Dennis Bohren retires from Ascension Lutheran

by: OUTLOOK PHOTO: LISA K. ANDERSON - Dennis Bohren preached his last message Sunday, June 16, and will conclude his pastoral career at Ascension Lutheran Church in Gresham at the end of June.

After teaching in Colorado, Labrador, Germany, Okinawa, the Philippines and Oregon, Dennis Bohren was at a crossroads in the late 1970s.

He turned to a list of 14 careers he thought he could pursue, with ministry as No. 14.

“After arguing with God that I was too old, couldn’t learn Greek and couldn’t afford it, God opened every door to ministry,” Bohren said.

Almost 30 years later and more than 11 years after joining Ascension Lutheran Church of Gresham as a pastor, Dennis Bohren is retiring June 30.

“His speaking, his organization, his love for people, his love for Christ … the list goes on and on,” said Mike Hadley, a church member. “We’ll miss him at church, but he’s still going to be my navigator for Northwest Vintage Speedsters (a vintage car club).”

Excited but “scared as the dickens,” Bohren and his wife Janette took all their savings and retirement and put Bohren through seminary beginning in 1979. Janette worked up to four jobs at a time and cared for the kids.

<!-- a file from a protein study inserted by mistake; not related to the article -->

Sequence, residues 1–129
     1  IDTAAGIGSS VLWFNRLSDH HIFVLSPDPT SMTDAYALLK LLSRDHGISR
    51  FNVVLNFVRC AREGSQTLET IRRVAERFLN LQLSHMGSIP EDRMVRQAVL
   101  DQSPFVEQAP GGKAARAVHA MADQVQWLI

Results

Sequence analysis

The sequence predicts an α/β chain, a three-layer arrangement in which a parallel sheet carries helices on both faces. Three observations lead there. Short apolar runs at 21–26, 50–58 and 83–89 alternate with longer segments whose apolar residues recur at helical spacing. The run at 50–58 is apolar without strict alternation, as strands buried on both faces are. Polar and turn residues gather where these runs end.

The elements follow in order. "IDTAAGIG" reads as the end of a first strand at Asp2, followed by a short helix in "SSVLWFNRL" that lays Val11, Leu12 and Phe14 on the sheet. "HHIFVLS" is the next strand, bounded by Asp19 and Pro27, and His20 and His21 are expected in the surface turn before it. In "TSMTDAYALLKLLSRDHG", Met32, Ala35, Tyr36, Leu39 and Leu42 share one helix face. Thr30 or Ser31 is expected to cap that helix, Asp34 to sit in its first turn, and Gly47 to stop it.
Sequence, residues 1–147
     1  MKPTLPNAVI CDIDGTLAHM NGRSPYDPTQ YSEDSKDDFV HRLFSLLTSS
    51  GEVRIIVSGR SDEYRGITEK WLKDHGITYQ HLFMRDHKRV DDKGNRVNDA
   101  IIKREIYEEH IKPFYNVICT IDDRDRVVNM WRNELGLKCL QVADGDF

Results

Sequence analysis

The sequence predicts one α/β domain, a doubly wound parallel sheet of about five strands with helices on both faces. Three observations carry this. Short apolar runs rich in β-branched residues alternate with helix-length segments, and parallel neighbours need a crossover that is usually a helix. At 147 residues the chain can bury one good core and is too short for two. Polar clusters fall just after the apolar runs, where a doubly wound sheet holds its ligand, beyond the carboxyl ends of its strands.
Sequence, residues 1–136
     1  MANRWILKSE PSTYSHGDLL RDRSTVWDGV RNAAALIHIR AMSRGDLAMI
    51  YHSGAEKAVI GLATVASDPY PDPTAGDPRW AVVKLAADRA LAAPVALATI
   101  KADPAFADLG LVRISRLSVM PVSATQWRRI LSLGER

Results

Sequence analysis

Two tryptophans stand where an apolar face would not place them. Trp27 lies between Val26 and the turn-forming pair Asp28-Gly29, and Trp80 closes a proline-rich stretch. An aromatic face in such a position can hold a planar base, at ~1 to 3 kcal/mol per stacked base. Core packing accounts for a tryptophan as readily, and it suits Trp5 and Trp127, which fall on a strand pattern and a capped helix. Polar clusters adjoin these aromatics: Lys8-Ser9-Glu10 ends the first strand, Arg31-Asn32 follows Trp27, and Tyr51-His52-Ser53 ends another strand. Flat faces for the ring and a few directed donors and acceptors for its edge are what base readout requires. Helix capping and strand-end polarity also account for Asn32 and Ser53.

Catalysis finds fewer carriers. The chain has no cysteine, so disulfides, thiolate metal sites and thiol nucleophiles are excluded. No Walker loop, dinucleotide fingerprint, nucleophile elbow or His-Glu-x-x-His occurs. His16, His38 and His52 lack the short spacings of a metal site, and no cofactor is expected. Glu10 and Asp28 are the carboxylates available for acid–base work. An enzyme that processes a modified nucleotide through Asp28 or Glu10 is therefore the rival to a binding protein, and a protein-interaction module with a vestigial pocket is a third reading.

Bohren and Janette have three children adopted from Germany, Korea and The Philippines; and five grandchildren.

“The sacrifices they went through,” Bohren said. “I’ve been so very blessed.”

Bohren served at a mission congregation in Iowa for 13 years, originally worshipping in a rollerskating rink, where the congregation jokingly called itself the Holy Rollers.

He worked for five years as a gift planning counselor with the LCMS ( Lutheran Church-Missouri Synod) Foundation in Phoenix, Ariz. 

Bohren then came to Concordia University in Portland as a development counselor, arriving at Ascension Lutheran Church in 2002. His wife became the worship coordinator, a role she’ll continue in after Bohren retires.

“There is a huge difference between the Midwest and the Northwest in terms of the receptivity of people to the church and God,” Bohren said. “It’s so much harder to help grow a church here.

“The most rewarding (part of ministry) has been helping people to know with certainty what their eternal future is — it gives people peace just to know it.”

One of Bohren’s favorite aspects of ministry has been mission and service trips, which he’s led across the country and world.

“People come back with a whole different attitude,” Bohren said. “They realize how blessed we are. We have everything we need in this country, and God has blessed us with so many luxuries.

“I have loved the community and ministries.”

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